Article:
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The Antinomy of Democratic Peace

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Research on the ‘democratic peace’ has neglected the fact that democracies fight wars that no one else would, particularly to preserve international law and to prevent human disasters and large-scale violations of human rights. What is more, data on average probabilities of democratic war involvement have obscured that there have been vast differences in democracies' use of military force. This article demonstrates that the causal mechanisms of established approaches to the democratic peace do not preclude democracies' involvement in war. Most importantly, the ambivalence of the Kantian tradition allows for two competing logics of appropriateness that can be used to construct two ideal types: whereas, militant democracies conceive of their entire relation to non-democracies as antagonistic, and frequently fight wars to de-throne dictators, pacifist democracies believe in a modus vivendi with autocracies and try to assist their transformation into democracies.International Politics (2004) 41, 494–520. doi:10.1057/palgrave.ip.8800089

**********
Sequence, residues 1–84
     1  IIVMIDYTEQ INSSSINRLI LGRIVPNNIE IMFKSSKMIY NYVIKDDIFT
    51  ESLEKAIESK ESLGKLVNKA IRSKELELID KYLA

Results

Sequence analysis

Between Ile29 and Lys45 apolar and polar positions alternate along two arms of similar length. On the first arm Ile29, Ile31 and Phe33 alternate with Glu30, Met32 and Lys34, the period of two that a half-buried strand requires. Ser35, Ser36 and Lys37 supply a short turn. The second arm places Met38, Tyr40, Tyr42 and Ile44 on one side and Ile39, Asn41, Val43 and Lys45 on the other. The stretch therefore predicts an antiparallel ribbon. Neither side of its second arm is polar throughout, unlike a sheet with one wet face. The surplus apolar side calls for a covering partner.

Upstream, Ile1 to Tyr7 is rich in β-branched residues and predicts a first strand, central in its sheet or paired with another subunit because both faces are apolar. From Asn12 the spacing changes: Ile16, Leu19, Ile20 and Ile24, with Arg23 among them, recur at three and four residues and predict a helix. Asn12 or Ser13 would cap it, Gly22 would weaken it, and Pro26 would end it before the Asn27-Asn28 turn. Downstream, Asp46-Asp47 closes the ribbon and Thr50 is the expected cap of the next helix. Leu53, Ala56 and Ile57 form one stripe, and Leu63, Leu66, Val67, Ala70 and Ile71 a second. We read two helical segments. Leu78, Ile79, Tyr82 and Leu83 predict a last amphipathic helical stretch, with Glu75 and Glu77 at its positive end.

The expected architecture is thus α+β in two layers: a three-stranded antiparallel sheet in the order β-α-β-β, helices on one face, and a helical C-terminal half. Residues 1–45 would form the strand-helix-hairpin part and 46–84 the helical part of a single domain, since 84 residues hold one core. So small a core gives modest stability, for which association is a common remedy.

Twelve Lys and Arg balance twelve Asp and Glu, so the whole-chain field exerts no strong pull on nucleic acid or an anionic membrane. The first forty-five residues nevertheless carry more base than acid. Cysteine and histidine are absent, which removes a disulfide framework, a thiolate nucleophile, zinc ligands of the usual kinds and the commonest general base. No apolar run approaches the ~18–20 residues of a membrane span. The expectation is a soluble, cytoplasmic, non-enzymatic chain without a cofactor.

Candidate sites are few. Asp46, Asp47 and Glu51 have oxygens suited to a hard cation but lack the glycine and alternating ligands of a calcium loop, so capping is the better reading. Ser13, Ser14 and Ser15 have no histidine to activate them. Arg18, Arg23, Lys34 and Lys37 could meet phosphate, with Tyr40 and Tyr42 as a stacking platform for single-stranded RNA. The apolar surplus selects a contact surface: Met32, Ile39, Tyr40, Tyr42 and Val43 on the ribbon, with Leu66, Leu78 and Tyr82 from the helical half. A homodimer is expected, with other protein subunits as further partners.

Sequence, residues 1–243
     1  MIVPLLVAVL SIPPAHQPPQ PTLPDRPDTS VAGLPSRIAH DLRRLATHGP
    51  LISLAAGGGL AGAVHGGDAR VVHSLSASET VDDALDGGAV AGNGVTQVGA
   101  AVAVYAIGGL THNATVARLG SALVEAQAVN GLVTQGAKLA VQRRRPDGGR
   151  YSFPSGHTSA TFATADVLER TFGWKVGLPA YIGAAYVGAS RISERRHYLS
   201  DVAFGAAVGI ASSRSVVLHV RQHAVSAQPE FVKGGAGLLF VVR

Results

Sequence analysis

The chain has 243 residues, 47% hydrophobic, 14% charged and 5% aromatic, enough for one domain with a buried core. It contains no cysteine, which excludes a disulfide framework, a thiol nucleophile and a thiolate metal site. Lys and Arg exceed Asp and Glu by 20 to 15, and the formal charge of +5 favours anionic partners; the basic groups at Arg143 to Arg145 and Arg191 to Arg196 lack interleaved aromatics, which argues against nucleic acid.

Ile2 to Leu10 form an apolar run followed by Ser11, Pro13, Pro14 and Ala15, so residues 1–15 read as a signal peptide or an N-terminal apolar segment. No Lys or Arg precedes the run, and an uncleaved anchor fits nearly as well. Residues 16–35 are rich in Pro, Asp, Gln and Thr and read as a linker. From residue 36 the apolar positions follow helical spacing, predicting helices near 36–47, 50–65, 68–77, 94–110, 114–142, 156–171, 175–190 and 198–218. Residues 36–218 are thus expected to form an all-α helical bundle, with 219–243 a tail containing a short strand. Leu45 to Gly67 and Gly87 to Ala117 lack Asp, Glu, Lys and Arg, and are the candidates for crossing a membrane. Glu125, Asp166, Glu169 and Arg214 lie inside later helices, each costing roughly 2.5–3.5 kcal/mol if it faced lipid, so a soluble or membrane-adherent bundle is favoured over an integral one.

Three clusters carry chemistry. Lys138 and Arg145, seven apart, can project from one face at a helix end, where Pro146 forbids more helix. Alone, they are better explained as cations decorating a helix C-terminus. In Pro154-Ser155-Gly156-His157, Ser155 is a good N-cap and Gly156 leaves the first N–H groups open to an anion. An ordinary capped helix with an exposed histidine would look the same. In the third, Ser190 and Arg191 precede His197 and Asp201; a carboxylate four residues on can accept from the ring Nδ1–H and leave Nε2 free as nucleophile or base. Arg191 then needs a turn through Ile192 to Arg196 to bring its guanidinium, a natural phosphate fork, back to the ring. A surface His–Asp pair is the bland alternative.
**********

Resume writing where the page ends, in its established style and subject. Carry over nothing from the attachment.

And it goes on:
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Document Type: Research Article

Affiliations: aPeace Research Institute Frankfurt (PRIF), Leimenrode 29, 60322 Frankfurt/Main, Germany., Email: [email protected]

Publication date: 01 December 2004

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